Thursday, 11 September 2014

Bold Proposal on U.S. Patent Reform: Eliminate the U.S. Court of Appeals for the Federal Circuit

The Cato Institute is "a public policy research organization — a think tank – dedicated to the principles of individual liberty, limited government, free markets and peace," which operates the Cato Unbound forum, an online journal.  This month's journal features a discussion titled, "Patents and Public Choice."  The feature essay is authored by Eli Dourado, a research fellow at the Mercatus Center at George Mason University, and critically tackles the U.S. patent system.  There is one responding essay by Professor Zorina Khan (I recently highlighted one of her papers concerning patent trolls, here).  Forthcoming essays will be published by Professor John F. Duffy of the University of Virginia Law School and Professor Christina Mulligan of the Brooklyn Law School.  Mr. Dourado's essay is titled, "The True Story of How the Patent Bar Captured a Court and Shrank the Intellectual Commons."  The essay essentially argues that the U.S. Court of Appeals for the Federal Circuit, the supposedly specialist patent court in the U.S. with nationwide jurisdiction over patent appeals from U.S. district courts and jurisdiction over patent appeals from the United States Patent and Trademark Office, has been captured by the patent bar and has continuously expanded patent eligible subject matter to the detriment of innovation.  He points to software patents as a problem, including a discussion of the tragedy of the anticommons, as well as patent trolls.  Despite the U.S. Supreme Court's attempt to reign in software patents, he believes the Federal Circuit will continue to evade Supreme Court precedent (maybe true, but the composition of the court has been changing).  Here are his proposals for reform:

It would be better instead simply to abolish the Federal Circuit and return to the pre-1982 system, in which patents received no special treatment in appeals. This leaves open the possibility of circuit splits, which the creation of the Federal Circuit was designed to mitigate, but there are worse problems than circuit splits, and we now have them.

Another helpful reform would be for Congress to limit the scope of patentable subject matter via statute. New Zealand has done just that, declaring that software is “not an invention” to get around WTO obligations to respect intellectual property. Congress should do the same with respect to both software and business methods.

 . . . Current legislation in Congress addresses this class of [patent troll] problem[s] by mandating disclosures, shifting fees in the case of spurious lawsuits, and enabling a review of the patent’s validity before a trial commences.

What matters for prosperity is not just property rights in the abstract, but good property-defining institutions. Without reform, our patent system will continue to favor special interests and forestall economic growth.

I am not so convinced that returning to the uncertainty and splits of jurisdiction existing before the creation of the Federal Circuit and “races to the courthouse” is going to put us in a better position.  And, the party advocating for change and carrying the burden of proof may need to make a stronger case for reform given the relative success of the biotechnology and information technology industries in the U.S.   Professor Khan offers an incisive rebuttal, here.  This blog has featured posts challenging the assertion that patents in the information and technology communications space are inhibiting innovation, here,  [Although I do wonder about price.] and describing counter-arguments to proposals to reduce the Federal Circuit's influence over patent law, here.  We look forward to Professor Duffy and Professor Mulligan's essays.  [Hat Tip to Professor Dennis Crouch's Patently-Obvious Blog for a lead to the essay.]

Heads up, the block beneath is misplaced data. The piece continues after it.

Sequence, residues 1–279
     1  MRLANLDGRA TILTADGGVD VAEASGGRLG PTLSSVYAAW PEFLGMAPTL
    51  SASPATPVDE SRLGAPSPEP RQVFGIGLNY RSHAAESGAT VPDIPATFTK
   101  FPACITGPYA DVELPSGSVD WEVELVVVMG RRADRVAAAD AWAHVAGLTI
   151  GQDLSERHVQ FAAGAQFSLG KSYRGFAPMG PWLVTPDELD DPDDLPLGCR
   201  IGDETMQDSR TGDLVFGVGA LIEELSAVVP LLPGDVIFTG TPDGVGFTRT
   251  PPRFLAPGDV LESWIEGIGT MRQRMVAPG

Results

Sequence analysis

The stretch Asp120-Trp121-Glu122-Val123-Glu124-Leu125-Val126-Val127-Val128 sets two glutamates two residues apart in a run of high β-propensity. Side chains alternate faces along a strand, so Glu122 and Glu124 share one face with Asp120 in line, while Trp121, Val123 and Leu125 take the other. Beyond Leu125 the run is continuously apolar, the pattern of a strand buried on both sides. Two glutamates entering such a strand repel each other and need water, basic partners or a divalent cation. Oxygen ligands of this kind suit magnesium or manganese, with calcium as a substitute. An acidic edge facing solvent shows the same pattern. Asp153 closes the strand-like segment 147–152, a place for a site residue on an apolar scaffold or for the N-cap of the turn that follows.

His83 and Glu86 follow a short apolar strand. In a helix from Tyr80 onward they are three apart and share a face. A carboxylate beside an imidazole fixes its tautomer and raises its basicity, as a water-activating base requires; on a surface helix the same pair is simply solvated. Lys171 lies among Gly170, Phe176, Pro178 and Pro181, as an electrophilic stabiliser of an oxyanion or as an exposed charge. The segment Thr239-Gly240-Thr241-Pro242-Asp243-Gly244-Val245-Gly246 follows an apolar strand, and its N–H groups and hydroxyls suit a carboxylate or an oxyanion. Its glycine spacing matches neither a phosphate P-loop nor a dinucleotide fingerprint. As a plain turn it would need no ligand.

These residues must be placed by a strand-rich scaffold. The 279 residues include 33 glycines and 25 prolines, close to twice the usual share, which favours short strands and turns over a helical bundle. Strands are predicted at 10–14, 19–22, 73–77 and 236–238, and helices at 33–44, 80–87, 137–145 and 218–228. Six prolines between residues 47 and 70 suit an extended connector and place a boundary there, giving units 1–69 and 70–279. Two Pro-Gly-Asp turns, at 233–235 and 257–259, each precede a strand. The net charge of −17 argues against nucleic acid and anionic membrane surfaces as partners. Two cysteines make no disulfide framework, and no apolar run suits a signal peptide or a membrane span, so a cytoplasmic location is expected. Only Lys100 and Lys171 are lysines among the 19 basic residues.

Anonymous said...

This is an interesting radical proposal, but on its own it will go nowhere. Cato Unbound fail to constructively discuss the failings of the Federal Circuit and don't offer ways in which the Federal Circuit could be better regulated. A lot of expertise will have been built up around all the people involved in the Federal Circuit and that should not be simply thrown away. One must work within the system, and at the moment the system won't consider the possibility of abolishing the Federal Circuit. It is easy to be radical, but much harder to actually propose and push changes which have a chance of being implemented.

Mike Mireles said...

Thank you for your comments. Yes, I agree with you. I do think that the paper is provocative and will stimulate debate. To me, that in itself is good. Although I do also think we should exercise some care in what we propose depending on the circumstances. I am not saying that Mr. Dourado should not have made his proposal. It does go beyond my understanding of Chief Judge Wood's (U.S. Court of Appeals for the Seventh Circuit) proposal concerning the Federal Circuit.

Anonymous said...

Mike, I agree, but a more nuanced article would lead to a more nuanced debate. Now everyone will simply defend the existence of the Federal Circuit. Instead we could have a debate focussing on how to change the Federal Circuit which would have been more constructive. Radical articles are interesting and get attention, but they lead to very polarised positions which is not helpful. The ideal article is perhaps one that diligently and objectively discussed the pros and cons of all positions